The Paintings: Orpheus and #28
There is no puzzle at the heart of Portrait, but Sciamma plants pieces of the ending throughout the narrative. The depiction of how Marianne and Héloïse fell in love is buttressed by a framing device in which Marianne is teaching an art class to a group of young women. One of her students pulls out her painting of Héloïse, her dress quite literally on fire, prompting Marianne to reminisce. In total, Marianne and Héloïse only spend about two weeks in each other's company, and in that period they transform from reluctant companions into friends into lovers. Their time together is just that, and when Marianne leaves Brittany that is the last time they were knowingly in each other's company.
When Sciamma flashes back to Marianne's classroom that could very well be the end of the tale, but it's the beats that remain that are the most devastating. Marianne describes the last two times she encounters Héloïse. The first time it's just Héloïse's image. Marianne is at a gallery, standing watch over a painting of hers she submitted in her father's name so it could be exhibited. The work is an image of Orpheus and Eurydice, depicting the moment just as Orpheus has turned around to gaze at his beloved, who reaches out for him as she is being dragged back to the underworld.
Earlier in the film, Marianne and Héloïse debate the infamous myth with Sophie, the young maid, who wonders why Orpheus looks at Eurydice, aware that it would result in her demise. Marianne speculates that he made a "choice" to live with Eurydice's memory, but Héloïse counters: Perhaps Eurydice told Orpheus to turn around. For Marianne and Héloïse's story, both are essentially true. Both women have agency, but they know that their time together is limited. Sciamma explained in an interview with Vox why she chose this specific allegory.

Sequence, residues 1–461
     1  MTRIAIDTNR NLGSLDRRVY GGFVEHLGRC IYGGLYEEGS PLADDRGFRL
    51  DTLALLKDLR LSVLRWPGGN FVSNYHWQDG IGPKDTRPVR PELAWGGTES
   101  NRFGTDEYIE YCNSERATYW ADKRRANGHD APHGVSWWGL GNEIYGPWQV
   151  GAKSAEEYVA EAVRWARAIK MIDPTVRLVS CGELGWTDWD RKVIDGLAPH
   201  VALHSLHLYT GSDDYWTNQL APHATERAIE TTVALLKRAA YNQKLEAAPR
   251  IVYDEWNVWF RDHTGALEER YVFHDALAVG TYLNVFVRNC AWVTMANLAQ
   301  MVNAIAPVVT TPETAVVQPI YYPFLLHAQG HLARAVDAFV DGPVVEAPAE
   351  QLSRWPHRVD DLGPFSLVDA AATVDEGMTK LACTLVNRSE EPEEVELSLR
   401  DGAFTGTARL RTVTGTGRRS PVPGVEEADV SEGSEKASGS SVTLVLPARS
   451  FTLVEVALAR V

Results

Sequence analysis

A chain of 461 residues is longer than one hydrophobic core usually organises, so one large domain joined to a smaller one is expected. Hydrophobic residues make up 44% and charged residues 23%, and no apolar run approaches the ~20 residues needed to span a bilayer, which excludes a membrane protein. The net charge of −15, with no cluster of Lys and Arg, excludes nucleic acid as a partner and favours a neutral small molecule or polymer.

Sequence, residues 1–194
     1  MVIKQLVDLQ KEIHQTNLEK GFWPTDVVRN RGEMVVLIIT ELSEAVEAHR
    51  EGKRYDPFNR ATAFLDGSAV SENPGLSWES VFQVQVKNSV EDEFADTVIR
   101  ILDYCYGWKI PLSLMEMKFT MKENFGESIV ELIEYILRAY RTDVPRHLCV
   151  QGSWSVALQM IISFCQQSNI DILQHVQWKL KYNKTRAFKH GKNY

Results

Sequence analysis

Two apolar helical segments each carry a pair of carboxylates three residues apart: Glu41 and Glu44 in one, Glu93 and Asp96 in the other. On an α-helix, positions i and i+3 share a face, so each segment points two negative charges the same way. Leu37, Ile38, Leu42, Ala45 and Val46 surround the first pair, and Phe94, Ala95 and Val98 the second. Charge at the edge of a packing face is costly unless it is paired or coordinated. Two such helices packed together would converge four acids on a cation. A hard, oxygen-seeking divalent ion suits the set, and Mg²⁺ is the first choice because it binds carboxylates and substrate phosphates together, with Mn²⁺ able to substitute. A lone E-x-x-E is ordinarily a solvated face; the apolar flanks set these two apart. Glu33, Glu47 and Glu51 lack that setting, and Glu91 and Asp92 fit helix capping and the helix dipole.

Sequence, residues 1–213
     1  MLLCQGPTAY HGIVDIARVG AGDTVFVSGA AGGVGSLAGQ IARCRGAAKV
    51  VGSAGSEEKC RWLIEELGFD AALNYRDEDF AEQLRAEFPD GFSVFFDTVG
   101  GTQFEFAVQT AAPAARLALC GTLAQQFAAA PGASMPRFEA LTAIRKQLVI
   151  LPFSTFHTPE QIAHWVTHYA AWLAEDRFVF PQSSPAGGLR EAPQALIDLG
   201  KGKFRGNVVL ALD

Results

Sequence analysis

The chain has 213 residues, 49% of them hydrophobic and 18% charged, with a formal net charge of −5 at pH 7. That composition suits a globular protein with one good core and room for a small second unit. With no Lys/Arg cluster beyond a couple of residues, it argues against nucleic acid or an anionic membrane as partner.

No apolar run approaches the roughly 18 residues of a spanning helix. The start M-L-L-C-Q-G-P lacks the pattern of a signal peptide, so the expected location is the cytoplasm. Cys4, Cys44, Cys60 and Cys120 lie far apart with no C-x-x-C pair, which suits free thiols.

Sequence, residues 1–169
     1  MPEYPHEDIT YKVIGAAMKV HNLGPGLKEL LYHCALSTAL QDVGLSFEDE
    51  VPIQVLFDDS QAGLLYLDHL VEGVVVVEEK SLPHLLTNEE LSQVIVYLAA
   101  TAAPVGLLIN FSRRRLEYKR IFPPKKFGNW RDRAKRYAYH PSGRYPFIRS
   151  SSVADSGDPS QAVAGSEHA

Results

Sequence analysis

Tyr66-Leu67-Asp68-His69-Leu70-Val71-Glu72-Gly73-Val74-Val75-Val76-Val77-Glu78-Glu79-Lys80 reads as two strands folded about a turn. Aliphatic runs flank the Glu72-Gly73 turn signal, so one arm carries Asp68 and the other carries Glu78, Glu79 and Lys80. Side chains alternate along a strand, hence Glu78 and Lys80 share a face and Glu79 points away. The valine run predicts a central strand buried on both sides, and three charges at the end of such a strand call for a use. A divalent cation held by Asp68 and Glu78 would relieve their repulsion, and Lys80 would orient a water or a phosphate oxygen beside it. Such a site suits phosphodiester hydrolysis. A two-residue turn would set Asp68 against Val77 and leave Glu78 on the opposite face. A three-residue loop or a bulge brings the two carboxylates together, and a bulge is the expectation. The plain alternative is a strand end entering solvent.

"Orpheus and Eurydice is a myth that has been looked at by feminists a lot, because it’s basically about how the male gaze can kill you," she said. "This tradition of looking at Orpheus and Eurydice like that and trying to see the point of Eurydice was, for me, a way to play with this myth." She noted in a separate conversation that she doesn't have an opinion as to whose interpretation is the "right" one.
If Marianne's painting is her depiction of herself as the legendary poet deciding to turn around, the following moment finds Héloïse as Eurydice telling her Orpheus to make the move. Almost as if feeling the presence of her lover, Marianne makes her way through the throngs of people and finds herself in front of a portrait of Héloïse. In it, Héloïse looks softer than she did in the one Marianne painted. She's bathed in a warm light and a blonde-haired girl, her daughter presumably, is beside her. But there's a book on her lap open just slightly to page 28.
As they are in bed together, conscious that this is one of the last times they will be able to be in that position, Héloïse asks Marianne for a self-portrait to remember her by. Marianne asks in return for a page number, and the sketches herself, naked, onto page 28 of the book from which they read about Orpheus and Eurydice. By demanding that the figure play a role in this new image of her, Héloïse acts out her version of Eurydice, calling out to Marianne from a world away through a book in a painting.